Thinking Clearly About Parenting,Teenagers, & Dating
It is great when your kids are little, they have their friends, they play with their friends, they come home. Life is so simple. When they are really young they have friends who are boys and girls and the difference barely matters. As they get a bit older they start to hang out with the peers of the same sex, which by in large is still a worry free time for parents.
If only life could stay that way!
Some where along the line a majority of young people will start to take an interest in a particular member of the opposite sex. Most of us have been there, so we should understand. But for some reason as adults dating always seems more complicated when it involves our kids. Sure it does make their life, and possibly yours, a bit more dramatic, but finding a romantic partner is a normal part of life that should be embraced not avoided.
This post hopes to outline some basic thoughts on embracing your teenagers quest for true love.
Teenagers & The Opposite Sex
First thing to understand is how and when an interest in the opposite sex develops.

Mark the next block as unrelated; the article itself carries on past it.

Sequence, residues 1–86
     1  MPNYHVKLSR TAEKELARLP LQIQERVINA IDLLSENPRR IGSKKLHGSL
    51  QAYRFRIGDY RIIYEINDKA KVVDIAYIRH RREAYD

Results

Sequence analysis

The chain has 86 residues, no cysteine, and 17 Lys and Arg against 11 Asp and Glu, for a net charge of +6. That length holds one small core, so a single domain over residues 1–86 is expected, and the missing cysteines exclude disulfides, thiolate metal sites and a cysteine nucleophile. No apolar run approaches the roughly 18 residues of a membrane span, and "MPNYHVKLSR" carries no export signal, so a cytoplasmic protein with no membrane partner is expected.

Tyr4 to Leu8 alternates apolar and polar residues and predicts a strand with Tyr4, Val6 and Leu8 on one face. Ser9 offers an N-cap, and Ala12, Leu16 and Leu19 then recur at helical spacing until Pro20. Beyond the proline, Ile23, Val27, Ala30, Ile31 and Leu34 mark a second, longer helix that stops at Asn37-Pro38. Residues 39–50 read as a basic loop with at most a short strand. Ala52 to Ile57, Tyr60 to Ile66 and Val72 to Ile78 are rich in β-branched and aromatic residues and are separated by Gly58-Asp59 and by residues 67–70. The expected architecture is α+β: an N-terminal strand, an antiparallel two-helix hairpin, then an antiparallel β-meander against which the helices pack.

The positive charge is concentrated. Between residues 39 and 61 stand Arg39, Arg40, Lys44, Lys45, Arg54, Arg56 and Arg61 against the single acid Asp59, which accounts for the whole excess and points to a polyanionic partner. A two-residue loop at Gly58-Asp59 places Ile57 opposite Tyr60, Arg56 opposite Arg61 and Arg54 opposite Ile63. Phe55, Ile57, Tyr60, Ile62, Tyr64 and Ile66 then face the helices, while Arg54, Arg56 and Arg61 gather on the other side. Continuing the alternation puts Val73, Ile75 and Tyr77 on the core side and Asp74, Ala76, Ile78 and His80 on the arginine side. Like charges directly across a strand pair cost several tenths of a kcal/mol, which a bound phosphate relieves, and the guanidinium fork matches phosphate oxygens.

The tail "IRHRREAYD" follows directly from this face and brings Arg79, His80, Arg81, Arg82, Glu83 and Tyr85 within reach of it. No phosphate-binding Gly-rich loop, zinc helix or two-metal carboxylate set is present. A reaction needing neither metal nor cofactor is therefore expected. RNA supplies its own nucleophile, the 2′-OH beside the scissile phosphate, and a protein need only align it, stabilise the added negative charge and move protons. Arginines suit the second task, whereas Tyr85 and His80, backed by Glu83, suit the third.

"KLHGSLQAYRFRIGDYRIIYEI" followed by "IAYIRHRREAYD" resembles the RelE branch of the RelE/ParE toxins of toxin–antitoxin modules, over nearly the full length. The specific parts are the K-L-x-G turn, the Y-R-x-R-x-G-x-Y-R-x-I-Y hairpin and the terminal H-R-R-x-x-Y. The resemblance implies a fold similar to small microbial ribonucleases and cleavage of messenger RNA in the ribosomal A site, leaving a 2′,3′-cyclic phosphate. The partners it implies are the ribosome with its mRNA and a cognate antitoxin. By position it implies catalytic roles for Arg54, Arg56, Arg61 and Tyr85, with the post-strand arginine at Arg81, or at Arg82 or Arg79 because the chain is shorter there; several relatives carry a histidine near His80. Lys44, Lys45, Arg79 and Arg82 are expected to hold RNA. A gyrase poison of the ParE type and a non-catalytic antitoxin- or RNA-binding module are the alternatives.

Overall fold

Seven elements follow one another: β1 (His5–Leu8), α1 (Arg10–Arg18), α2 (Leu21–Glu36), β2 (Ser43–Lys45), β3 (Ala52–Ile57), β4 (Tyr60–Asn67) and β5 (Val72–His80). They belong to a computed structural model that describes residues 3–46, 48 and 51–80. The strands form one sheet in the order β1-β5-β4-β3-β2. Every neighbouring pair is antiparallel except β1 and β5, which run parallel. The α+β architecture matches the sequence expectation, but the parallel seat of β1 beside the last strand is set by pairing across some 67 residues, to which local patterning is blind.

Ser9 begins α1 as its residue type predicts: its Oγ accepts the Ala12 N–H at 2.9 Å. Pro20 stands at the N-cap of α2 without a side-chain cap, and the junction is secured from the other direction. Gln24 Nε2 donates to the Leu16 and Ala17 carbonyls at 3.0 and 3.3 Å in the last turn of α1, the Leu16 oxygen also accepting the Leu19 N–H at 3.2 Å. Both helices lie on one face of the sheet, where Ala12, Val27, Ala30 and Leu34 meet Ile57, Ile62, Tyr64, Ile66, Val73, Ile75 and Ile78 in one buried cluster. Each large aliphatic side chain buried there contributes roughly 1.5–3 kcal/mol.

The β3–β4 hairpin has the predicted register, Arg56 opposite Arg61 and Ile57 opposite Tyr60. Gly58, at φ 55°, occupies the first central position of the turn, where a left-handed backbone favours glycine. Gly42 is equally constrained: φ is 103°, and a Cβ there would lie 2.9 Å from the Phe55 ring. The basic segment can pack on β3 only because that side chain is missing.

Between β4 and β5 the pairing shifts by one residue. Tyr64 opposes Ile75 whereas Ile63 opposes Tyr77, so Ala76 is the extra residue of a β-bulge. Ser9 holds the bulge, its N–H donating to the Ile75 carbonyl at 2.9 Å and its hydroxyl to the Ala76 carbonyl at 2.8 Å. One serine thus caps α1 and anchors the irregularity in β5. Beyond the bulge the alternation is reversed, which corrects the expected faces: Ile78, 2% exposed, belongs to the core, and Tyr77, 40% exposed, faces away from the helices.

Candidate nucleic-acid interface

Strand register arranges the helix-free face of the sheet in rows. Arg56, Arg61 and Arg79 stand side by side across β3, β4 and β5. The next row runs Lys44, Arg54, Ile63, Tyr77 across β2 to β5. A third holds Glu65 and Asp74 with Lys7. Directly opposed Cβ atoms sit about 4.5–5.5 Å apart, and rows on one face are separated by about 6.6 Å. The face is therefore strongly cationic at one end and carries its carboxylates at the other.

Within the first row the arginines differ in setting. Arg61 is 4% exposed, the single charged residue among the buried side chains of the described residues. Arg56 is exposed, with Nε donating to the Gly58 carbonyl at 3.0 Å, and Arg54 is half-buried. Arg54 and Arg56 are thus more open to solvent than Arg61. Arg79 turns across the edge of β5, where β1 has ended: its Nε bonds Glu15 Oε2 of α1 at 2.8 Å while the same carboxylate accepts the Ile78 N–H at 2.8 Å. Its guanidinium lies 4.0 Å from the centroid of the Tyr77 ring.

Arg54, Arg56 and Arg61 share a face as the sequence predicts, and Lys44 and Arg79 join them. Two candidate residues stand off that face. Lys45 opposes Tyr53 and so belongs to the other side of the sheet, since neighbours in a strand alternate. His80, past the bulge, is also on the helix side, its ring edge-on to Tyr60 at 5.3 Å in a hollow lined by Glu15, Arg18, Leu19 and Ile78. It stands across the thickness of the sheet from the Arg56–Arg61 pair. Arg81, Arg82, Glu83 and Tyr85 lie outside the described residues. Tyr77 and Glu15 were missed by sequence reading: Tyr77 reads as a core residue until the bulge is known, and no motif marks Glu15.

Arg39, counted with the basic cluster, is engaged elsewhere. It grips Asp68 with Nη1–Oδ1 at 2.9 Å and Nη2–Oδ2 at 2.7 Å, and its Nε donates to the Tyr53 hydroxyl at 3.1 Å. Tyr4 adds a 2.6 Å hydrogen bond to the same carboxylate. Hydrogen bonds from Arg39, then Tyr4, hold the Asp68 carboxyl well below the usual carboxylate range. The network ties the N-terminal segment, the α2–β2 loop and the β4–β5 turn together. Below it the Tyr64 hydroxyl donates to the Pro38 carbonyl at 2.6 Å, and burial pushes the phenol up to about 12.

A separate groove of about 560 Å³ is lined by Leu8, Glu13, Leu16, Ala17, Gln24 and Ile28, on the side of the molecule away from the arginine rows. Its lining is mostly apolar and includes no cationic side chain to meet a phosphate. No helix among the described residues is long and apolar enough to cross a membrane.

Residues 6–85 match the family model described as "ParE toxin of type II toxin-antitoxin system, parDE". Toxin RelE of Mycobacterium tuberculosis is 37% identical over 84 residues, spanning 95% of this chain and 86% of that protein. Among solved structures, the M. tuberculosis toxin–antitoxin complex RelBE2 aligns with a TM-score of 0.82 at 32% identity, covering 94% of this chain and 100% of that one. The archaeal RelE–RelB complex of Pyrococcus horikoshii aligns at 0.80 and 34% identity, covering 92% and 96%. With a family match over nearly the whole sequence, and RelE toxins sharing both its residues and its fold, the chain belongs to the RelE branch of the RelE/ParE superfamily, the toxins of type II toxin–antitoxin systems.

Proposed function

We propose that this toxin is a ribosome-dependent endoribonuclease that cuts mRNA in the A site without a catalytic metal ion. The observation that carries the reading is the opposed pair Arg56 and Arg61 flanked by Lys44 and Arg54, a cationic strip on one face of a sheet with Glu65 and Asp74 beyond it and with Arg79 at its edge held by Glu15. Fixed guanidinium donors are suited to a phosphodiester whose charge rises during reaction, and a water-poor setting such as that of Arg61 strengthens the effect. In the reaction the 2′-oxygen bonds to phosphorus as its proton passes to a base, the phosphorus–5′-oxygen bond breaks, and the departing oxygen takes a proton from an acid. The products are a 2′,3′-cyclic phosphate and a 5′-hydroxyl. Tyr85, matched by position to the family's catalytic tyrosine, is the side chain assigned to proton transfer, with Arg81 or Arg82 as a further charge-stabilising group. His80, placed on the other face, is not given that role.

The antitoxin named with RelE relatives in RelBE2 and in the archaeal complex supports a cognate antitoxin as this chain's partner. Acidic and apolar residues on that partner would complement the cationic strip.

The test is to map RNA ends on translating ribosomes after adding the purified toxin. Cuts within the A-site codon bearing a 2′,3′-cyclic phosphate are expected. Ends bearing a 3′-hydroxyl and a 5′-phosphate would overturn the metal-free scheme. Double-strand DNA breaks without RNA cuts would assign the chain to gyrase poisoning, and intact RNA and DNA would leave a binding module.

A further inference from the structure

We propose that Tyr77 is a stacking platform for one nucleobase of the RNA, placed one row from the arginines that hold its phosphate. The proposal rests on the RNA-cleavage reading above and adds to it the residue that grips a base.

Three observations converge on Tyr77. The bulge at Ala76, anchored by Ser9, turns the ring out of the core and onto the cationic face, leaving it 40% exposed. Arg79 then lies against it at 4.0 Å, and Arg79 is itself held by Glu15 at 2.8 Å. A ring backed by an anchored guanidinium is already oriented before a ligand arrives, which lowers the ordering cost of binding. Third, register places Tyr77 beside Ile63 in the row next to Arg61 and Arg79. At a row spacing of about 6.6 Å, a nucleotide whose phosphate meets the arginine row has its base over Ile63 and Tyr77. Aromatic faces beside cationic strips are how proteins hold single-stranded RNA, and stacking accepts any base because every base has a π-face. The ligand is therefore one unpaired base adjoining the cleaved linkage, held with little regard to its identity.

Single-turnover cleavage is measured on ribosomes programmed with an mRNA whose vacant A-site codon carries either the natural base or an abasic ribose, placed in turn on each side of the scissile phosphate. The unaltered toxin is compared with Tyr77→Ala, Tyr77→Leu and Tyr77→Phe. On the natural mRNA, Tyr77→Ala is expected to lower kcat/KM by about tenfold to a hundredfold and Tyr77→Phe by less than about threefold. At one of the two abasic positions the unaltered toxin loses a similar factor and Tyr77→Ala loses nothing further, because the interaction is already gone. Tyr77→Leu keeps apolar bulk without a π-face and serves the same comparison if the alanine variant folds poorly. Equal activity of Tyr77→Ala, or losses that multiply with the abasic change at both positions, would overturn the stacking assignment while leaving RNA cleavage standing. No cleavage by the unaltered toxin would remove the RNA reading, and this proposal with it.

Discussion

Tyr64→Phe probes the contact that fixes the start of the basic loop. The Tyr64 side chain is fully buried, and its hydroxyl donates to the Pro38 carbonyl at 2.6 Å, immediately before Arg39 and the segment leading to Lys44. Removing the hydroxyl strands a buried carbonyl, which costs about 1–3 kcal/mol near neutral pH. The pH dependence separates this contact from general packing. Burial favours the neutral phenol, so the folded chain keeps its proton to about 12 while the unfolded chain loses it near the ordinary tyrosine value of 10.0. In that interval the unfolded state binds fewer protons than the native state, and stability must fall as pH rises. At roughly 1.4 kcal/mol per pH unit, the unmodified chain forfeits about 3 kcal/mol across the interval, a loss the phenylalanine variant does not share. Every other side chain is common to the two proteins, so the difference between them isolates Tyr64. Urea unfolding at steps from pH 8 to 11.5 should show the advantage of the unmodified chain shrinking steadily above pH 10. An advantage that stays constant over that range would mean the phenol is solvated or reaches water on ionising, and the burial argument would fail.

In late elementary or primary school girls might spend on average about 1 hour a week in the presence of a boy. Guys are still not really that interested.
In junior high things start to heat up, at least in their thought world. Year 7 & 8 students are likely to spend up to 6-8 hours a week thinking about a particular member of the opposite sex, but still will not spend that much time with them, usually less than 2 hours a week. So although their hormones are generating an interest in the opposite sex the opportunity or ability to act on those thoughts and develop one on one relationships still has someway to go.
However by the end of high school a teenager has usually learnt how to go about spending time with opposite sex. Often by the time a teen reaches the last year of high school they will be spending up to 10 hours a week with a member of the opposite sex and 7-8 hours thinking about a member of the opposite sex. The figures are usually a bit lower for males on average.